ESA's new vision to study the invisible Universe

November 29, 2013
Artist's impression of a galaxy that is releasing material via two strong jets (shown in red/orange) as well as via wide-angle outflows (shown in gray/blue). Both jets and outflows are being driven by the black hole located at the galaxy's centre. Black holes, which lurk unseen at the centres of almost all galaxies, are regarded as one of the keys to understanding galaxy formation and evolution. Credit: ESA/AOES Medialab

The hot and energetic Universe and the search for elusive gravitational waves will be the focus of ESA's next two large science missions, it was announced today.

Both topics will bridge fundamental astrophysics and cosmology themes by studying in detail the processes that are crucial to the large-scale evolution of the Universe and its underlying physics.

The science theme "the hot and energetic Universe" was selected for L2 – the second Large-class mission in ESA's Cosmic Vision science programme – and is expected to be pursued with an advanced X-ray observatory.

This mission, with a launch date foreseen for 2028, will address two key questions. How and why does ordinary matter assemble into the galaxies and galactic clusters that we see today, and how do grow and influence their surroundings?

Black holes, which lurk unseen at the centres of almost all galaxies, are regarded as one of the keys to understanding galaxy formation and evolution.

The L3 mission will study the gravitational Universe, searching for ripples in the very fabric of space–time created by celestial objects with very strong gravity, such as pairs of merging black holes.

Predicted by Einstein's theory of general relativity but yet to be detected directly, gravitational waves promise to open a completely new window on the Universe.

Planned for launch in 2034, it will require the development of a spaceborne gravitational wave observatory, or extreme precision 'gravitometer', an ambitious enterprise that will push the boundaries of current technology.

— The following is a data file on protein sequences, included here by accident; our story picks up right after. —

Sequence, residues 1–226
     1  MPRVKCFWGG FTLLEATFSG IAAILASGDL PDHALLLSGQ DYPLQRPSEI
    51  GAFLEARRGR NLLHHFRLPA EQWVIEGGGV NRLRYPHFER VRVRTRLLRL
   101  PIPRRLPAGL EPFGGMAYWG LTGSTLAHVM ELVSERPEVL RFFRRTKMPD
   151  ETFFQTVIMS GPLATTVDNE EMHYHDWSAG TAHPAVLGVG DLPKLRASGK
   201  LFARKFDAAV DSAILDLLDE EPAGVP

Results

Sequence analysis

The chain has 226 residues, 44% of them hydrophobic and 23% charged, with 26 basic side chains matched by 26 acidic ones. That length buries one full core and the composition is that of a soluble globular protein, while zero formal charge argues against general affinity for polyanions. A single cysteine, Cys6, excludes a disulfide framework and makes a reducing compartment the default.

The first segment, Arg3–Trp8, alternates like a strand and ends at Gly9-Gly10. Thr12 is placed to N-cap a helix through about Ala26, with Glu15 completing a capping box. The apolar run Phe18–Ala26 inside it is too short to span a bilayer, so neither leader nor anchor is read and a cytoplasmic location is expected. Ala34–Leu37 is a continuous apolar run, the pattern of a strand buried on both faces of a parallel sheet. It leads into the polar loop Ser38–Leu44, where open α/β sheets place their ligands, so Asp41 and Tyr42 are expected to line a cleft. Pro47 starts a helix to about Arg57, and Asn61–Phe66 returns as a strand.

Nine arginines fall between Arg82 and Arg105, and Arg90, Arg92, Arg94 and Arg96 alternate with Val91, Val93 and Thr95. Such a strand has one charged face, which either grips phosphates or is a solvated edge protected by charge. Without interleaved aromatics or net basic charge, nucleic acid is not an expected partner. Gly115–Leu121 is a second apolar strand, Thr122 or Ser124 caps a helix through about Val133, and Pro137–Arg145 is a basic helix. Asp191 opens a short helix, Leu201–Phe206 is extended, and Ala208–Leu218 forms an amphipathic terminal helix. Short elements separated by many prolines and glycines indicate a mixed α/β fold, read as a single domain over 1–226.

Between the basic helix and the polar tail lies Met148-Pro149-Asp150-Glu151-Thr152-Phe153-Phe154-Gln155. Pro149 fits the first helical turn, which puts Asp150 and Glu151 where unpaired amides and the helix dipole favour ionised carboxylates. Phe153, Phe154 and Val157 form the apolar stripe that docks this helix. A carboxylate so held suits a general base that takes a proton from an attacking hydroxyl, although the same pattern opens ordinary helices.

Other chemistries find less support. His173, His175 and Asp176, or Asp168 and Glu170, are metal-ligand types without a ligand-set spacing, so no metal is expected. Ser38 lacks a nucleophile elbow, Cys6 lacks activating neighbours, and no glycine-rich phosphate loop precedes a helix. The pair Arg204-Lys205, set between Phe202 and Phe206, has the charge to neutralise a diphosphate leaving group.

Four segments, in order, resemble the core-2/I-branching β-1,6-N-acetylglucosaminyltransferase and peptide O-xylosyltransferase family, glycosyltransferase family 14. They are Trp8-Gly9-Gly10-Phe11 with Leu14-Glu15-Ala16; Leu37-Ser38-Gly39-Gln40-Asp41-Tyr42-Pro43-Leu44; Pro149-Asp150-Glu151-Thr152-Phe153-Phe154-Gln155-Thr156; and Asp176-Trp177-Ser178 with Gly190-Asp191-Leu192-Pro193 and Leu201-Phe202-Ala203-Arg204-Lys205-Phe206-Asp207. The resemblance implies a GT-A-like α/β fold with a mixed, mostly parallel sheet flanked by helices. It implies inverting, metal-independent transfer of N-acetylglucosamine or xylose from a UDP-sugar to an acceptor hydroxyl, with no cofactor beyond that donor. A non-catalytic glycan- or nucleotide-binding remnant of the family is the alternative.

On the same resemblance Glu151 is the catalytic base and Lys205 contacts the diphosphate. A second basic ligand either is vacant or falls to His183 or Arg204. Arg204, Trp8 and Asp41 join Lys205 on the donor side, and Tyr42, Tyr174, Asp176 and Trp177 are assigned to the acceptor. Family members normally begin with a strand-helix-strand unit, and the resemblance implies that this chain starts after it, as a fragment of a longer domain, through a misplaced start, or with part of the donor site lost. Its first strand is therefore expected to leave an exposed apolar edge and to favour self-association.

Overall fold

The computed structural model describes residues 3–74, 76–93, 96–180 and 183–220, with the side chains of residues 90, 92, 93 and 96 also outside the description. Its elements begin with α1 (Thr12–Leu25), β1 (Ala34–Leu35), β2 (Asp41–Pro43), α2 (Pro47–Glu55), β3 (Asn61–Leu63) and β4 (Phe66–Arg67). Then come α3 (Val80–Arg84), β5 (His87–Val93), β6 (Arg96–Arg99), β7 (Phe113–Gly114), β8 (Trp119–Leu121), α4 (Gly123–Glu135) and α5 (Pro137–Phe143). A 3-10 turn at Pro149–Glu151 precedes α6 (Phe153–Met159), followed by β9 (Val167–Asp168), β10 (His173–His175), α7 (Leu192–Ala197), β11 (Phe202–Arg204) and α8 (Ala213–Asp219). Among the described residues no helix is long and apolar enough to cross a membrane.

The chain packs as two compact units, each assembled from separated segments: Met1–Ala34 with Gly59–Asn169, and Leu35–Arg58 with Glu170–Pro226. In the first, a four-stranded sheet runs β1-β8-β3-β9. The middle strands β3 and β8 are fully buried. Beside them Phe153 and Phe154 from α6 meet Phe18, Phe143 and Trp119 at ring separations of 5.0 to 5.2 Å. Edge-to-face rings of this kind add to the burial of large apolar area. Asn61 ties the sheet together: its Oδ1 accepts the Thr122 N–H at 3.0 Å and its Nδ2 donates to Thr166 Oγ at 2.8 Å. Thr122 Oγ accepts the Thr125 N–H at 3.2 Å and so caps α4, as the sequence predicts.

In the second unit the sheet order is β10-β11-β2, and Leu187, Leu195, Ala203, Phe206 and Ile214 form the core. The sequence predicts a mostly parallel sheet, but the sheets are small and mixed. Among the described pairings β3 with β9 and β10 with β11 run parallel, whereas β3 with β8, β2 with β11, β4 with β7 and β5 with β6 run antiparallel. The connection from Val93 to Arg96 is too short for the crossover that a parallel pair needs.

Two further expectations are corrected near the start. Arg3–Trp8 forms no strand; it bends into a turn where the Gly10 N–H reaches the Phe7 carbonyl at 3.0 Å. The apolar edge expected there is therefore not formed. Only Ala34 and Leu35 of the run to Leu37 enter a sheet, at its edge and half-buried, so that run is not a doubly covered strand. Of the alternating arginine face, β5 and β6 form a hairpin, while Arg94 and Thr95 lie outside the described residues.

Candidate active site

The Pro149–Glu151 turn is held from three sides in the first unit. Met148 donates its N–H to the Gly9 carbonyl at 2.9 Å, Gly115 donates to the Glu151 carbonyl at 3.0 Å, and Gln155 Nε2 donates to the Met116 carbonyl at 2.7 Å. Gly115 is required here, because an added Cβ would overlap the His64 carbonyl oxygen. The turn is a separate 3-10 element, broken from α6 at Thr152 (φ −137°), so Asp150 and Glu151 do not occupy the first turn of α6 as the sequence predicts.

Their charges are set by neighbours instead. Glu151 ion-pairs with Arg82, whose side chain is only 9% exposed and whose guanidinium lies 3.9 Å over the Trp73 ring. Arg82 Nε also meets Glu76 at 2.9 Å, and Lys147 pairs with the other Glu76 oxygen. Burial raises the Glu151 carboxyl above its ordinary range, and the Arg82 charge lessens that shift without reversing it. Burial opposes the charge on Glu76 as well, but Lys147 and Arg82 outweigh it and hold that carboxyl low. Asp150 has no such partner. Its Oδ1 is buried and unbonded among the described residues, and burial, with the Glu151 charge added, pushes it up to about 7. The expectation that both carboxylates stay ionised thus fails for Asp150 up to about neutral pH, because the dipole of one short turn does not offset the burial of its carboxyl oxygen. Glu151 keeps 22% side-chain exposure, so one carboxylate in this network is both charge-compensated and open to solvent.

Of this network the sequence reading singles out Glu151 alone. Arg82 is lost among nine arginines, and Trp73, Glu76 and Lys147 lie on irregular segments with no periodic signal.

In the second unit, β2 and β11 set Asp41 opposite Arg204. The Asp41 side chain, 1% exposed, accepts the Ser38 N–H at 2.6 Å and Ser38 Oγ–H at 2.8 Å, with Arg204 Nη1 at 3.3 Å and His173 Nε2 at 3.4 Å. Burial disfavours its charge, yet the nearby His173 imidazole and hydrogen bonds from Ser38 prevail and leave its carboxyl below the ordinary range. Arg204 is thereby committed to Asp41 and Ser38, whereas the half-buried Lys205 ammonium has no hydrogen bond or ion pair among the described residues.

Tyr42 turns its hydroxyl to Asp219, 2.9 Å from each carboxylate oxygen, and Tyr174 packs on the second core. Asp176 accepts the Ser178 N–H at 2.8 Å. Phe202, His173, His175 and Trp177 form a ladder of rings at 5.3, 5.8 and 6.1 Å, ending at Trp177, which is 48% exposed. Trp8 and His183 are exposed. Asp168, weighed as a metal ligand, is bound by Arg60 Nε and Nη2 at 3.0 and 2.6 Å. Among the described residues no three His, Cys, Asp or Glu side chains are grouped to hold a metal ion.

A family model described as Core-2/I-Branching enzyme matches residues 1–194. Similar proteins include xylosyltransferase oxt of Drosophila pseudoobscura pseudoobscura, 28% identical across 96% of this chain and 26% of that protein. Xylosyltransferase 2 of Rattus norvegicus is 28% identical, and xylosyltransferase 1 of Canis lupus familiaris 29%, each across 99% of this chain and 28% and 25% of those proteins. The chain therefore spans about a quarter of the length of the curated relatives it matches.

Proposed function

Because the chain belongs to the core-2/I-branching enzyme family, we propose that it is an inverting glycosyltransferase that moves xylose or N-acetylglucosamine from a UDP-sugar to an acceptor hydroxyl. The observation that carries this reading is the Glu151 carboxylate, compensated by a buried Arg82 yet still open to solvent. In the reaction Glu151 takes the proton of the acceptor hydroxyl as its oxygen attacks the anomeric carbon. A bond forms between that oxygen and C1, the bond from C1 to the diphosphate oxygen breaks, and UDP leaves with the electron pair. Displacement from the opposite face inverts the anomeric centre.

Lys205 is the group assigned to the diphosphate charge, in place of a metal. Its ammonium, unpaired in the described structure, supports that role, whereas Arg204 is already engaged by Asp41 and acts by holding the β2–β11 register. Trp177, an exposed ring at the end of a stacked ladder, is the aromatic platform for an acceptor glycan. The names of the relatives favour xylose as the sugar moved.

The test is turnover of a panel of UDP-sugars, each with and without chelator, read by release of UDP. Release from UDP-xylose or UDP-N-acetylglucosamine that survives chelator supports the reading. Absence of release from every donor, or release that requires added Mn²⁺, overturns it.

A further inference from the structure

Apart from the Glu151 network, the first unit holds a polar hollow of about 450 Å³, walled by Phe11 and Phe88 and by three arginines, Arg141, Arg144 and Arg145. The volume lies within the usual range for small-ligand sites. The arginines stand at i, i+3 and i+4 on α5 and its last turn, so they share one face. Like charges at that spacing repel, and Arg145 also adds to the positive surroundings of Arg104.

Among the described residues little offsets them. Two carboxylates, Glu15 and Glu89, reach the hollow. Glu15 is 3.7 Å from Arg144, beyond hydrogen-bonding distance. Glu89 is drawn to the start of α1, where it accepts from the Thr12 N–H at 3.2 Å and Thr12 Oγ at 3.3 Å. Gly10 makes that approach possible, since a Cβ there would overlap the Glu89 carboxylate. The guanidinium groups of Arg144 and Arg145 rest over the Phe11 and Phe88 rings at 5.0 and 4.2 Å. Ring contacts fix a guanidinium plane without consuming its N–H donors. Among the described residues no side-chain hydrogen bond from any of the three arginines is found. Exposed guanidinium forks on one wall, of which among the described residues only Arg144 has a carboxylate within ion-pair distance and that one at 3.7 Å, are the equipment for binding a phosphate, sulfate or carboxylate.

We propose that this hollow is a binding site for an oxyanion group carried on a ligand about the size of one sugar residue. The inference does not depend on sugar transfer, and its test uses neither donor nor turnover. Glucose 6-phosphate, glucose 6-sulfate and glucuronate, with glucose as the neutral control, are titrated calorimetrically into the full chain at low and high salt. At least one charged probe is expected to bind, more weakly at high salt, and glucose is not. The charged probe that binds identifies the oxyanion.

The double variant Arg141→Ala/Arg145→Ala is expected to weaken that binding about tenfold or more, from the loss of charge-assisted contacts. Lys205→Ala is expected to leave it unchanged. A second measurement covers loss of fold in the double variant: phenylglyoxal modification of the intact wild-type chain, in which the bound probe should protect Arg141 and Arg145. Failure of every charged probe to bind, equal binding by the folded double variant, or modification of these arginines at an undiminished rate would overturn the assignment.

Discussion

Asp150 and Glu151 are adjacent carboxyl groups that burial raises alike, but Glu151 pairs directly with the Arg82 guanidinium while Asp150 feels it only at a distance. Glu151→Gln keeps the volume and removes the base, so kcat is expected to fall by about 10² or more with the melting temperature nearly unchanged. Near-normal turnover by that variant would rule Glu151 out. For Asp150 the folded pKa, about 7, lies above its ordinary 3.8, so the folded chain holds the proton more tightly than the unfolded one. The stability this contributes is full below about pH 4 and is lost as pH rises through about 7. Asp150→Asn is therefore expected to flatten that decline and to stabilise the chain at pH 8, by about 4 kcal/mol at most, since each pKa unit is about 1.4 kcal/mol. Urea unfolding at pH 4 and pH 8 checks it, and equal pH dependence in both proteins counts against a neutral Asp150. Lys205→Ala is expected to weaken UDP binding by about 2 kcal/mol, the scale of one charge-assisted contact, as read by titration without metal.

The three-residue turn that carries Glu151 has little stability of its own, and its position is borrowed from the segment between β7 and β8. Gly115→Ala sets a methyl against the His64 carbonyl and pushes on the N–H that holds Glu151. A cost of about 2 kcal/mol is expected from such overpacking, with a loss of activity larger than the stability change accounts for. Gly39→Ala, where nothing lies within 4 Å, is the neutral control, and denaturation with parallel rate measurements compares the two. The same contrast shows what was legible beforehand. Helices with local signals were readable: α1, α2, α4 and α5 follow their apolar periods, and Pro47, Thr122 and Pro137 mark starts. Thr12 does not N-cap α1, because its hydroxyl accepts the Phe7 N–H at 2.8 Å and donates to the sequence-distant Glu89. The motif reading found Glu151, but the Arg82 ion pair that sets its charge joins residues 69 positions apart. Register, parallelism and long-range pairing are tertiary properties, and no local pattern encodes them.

"ESA has an outstanding record for developing state-of-the art space observatories that have revolutionised our knowledge of how stars and galaxies were born and evolved," says Alvaro Gimenez, ESA's Director of Science and Robotic Exploration.

"By pursuing these two new themes, we will continue to push back the scientific boundaries and unveil the mysteries of the invisible Universe."

The selection process for L2 and L3 began in March 2013, when ESA issued a call to the European science community to suggest the next scientific themes that should be pursued by the Cosmic Vision programme's Large missions.

Thirty-two proposals were received and assessed by a Senior Survey Committee, and following an extensive interaction with the scientific community two major themes were recommended to the Director of Science and Robotic Exploration.

"We had a difficult task in deciding which scientific themes to choose from all of the excellent candidates, but we believe that missions to study the hot, energetic Universe and will result in discoveries of the greatest importance to cosmology, astrophysics, and physics in general," says Catherine Cesarsky, chair of the Senior Survey Committee.

Although the launch dates for the L2 and L3 missions are more than a decade away, activities to prepare the missions will start very soon. Early in 2014, a call for L2 mission concepts will be announced to solicit proposals for a next-generation X-ray observatory. A similar procedure will be followed at a later date for the L3 mission.

"We have opened up a new scientific roadmap for Europe today that will establish our leadership in this field for the next two decades while we develop and implement new technologies for these exciting missions," adds Prof. Gimenez.

Explore further: JUICE is Europe's next large science mission

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